In the late 1990s Gold Mercury International relocated to London.[49] As of 2004 the organization had an annual budget of about US$1 million and a staff of 25 people.[50] Leaders who have received the award include US Presidents Gerald Ford and Ronald Reagan and King Juan Carlos I of Spain.[6] President Zine El Abidine Ben Ali of Tunisia received the 2004 Gold Mercury International award for "Peace, Cooperation and Solidarity".[51] Kerry Kennedy, founder of the Robert F. Kennedy Center for Justice and Human Rights, received the award for Humanitarian Action in 2006.[6] In 2007 Ellen Johnson Sirleaf, President of Liberia, received the award for Peace and Global Security.[52] Colombian President Álvaro Uribe received the Peace and Security award in 2009.[53] The award was presented in Bogotá by Juan Míguel Villar, president of the Spanish Obrascón Huarte Lain construction group, which is active in Colombia.[52] Since 2008, Gold Mercury International has been a participant in the United Nations Global Compact.[54] In June 2013 Pietro Sebastini, Italian Ambassador to Spain, presented the founder, Eduardo De Santis, the medal of the Orden de Commendatore on behalf of Giorgio Napolitano, President of Italy.[55]

In 1990 Eduardo De Santis, an original founder of Gold Mercury, set up Twelve Stars Corporate Vision Strategists, a consultancy specializing in marketing design. The name is derived from the European Union flag. By 1996 the company had 50 employees, with a design studio in London.[56] In 1998 Twelve Stars launched Captain Euro, a cartoon superhero used to promote the euro currency.[57] With this character the consultancy tried to create an attractive superhero representing the EU's global leadership in democracy.[58] Nicolas De Santis, son of Eduardo De Santis, held senior positions in Twelve Stars, beenz.com and Opodo, an online travel agency.[59] In a 2010 interview Nicolas De Santis said Corporate Vision Strategists used the intellectual framework developed by Gold Mercury.[4]

In February 2012 it was announced that Prince Hassan bin Talal of Jordan had joined the Gold Mercury International advisory board.[60] A 2012 brochure showed Eduardo De Santis as Chairman of Gold Mercury International and Nicolas De Santis as President and Secretary General. Álvaro Uribe Vélez and Kerry Kennedy were both members of the 36-person Award Nomination and Selection Committee.[61] Other members of Gold Mercury International as of 2013 included Enrique Barón Crespo, past president of the European Parliament.[55] In 2014 it was reported that Gold Mercury, now headed by Nicolas De Santis and Enrique Barón Crespo, had launched the Brand EU initiative to improve the brand of the European Union and thus strengthen the union.[57]

References[edit]

Citations

  1. ^ Congo magazine 1985.
  2. ^ a b c d Olympic Review 1983, p. 161.
  3. ^ a b New Times 1980, p. 50.
  4. ^ a b Noriega 2010.
  5. ^ a b The Courier 1983, p. 75.
  6. ^ a b c Kerry Kennedy receives the Gold Mercury Award... 2006.
  7. ^ a b c Korea News Review 1982.
  8. ^ El Seat Ibiza acapura premios....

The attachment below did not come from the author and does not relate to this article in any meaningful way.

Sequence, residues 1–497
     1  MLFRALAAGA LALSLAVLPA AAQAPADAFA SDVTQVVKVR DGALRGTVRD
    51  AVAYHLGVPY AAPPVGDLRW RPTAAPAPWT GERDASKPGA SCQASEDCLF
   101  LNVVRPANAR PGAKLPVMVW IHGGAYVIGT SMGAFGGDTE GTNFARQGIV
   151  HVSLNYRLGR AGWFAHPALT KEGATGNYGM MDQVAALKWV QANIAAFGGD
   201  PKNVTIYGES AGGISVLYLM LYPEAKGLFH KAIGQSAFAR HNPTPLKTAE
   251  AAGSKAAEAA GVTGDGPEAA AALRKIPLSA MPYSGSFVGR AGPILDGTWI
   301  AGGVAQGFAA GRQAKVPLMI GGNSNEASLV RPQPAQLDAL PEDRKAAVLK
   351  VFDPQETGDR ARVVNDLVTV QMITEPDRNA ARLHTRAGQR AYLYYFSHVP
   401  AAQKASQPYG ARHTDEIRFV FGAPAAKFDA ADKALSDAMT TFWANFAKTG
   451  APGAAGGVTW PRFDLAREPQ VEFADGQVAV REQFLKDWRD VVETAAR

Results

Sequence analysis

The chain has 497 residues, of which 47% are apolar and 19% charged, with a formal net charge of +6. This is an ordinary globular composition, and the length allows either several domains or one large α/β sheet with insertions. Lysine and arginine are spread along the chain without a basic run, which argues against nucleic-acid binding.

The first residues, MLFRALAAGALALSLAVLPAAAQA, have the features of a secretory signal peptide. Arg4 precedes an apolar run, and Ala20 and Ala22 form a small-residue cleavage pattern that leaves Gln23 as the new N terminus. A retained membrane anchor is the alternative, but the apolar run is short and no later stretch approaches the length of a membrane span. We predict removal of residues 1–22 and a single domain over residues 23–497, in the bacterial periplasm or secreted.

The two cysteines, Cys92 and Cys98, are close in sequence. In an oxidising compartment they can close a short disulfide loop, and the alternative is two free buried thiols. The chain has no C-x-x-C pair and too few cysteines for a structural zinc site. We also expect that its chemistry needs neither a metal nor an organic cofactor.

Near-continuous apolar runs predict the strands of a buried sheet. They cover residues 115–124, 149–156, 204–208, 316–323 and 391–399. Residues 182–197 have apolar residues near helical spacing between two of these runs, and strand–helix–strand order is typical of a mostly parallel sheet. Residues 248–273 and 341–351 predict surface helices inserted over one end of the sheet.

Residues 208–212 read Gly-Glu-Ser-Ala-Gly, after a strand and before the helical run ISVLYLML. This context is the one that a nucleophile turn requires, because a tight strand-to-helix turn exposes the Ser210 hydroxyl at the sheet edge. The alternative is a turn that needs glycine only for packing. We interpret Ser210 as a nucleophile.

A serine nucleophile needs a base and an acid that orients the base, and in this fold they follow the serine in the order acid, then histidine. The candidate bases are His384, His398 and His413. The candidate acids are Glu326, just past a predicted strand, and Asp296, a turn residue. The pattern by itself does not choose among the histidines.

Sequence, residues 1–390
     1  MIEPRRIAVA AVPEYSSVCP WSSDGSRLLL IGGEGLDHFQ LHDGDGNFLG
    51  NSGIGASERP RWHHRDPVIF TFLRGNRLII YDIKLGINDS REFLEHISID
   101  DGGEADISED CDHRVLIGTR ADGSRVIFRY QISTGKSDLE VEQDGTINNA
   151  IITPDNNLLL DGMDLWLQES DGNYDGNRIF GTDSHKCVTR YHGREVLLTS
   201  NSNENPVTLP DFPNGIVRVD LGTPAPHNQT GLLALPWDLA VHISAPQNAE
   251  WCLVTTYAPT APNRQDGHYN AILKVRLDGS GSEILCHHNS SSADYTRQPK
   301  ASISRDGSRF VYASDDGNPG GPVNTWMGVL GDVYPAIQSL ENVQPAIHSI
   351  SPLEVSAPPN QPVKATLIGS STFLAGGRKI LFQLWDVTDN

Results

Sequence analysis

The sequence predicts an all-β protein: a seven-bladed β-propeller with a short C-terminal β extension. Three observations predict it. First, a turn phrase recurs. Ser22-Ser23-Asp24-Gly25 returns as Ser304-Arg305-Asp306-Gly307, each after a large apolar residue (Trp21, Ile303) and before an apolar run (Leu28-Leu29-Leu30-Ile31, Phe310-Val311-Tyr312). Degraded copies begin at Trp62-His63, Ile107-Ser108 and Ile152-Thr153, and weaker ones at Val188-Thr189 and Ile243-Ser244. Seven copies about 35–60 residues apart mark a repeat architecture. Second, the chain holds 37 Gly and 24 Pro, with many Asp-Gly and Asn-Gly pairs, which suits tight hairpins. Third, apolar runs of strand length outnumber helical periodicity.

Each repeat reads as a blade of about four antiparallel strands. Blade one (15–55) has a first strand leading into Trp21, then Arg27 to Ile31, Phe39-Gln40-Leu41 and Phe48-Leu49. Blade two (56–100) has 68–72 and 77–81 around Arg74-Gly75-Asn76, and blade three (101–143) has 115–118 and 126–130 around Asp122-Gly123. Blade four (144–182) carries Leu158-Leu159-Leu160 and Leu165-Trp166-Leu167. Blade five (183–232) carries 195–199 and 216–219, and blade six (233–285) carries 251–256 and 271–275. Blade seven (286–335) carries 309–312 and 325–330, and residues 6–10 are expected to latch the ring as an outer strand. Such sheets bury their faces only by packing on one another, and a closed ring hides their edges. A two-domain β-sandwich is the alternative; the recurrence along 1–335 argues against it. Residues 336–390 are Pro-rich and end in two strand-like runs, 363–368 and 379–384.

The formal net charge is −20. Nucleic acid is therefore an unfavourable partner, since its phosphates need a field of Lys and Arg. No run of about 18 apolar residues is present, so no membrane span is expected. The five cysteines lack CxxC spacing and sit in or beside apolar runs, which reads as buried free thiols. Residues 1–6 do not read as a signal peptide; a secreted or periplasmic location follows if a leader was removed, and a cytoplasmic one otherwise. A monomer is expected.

9. ^ a b Gold Mercury prize given to Afghan Oil Institute.
  10. ^ The Arab Economist 1975, p. 40.
  11. ^ Polish Economic Survey, p. 140.
  12. ^ World Affairs Report 1981.
  13. ^ Radio Free Europe Research 1982.
  14. ^ Ethiopia 1982, p. 174.
  15. ^ Beijing Review 1984.
  16. ^ Unesco Chronicle 1979.
  17. ^ Bhatia 1978, p. 195.
  18. ^ Talal Abu-Ghazaleh, p. 6.
  19. ^ The Heating and Air Conditioning Journal 1979, p. 111.
  20. ^ Italian Group Gives Honor to Brezhnev 1980.
  21. ^ History: 1980, TMP.
  22. ^ Polish Economic Survey, p. 15.
  23. ^ Edward Seaga, Jamaica Labour Party.
  24. ^ Toledo Symphony presents ... La Prensa.
  25. ^ UNIDO Newsletter 1979.
  26. ^ Morskoĭ flot 1981.
  27. ^ Economic Bulletin – Singapore... 1982.
  28. ^ Kuensel 1982.
  29. ^ Pakistan Year Book 1982, p. 214.
  30. ^ Economic Outlook 1982.
  31. ^ Worldwide Honours For Prince Karim Aga Khan....
  32. ^ J. Desmond Clark: 1916–2002, Stone Age Institute.
  33. ^ In Memoriam – John Desmond Clark.
  34. ^ Anthroquest: The L.S.B. Leakey Foundation News 1982.
  35. ^ Honorees of the Fourth Ethiopian Heritage Festival.
  36. ^ Getachew 1999.
  37. ^ Tadesse Belaineh Habtemariam, Addis Ababa University.
  38. ^ Loux 1985.
  39. ^ Thomas R. Odhiambo.
  40. ^ McKinley Conway Awards and Recognition.
  41. ^ Public Enterprise 1982.
  42. ^ World Bank annual report 1982.
  43. ^ In Memoriam: Sir Chandrika Prasad Srivastava.
  44. ^ Grant 1994, p. 24.
  45. ^ Mackerras 1991, p. 117.
  46. ^ China Report 1984, p. 70.
  47. ^ Kim 1989, p. 215.
  48. ^ Rajsoomer LALLAH (Mauritius), UN.
  49. ^ Our History.
  50. ^ Gold Mercury International, NIRA.
  51. ^ Tunisie: Le Président Ben Ali, Prix 2004....
  52. ^ a b Presidente Recibe Curioso Galardón, Un Pasquín.
  53. ^ Uribe gana el premio Gold Mercury.
  54. ^ Civil Society Organizations, UN Global Compact.
  55. ^ a b Guaylupo 2013.
  56. ^ Twelve Stars: Lighting a torch....
  57. ^ a b Montgomery 2014.
  58. ^ Simonyi & Norris 2013.
  59. ^ Chandiramani 2001.
  60. ^ HRH Prince El Hassan Bin Talal....
  61. ^ Gold Mercury International Award, self.

Sources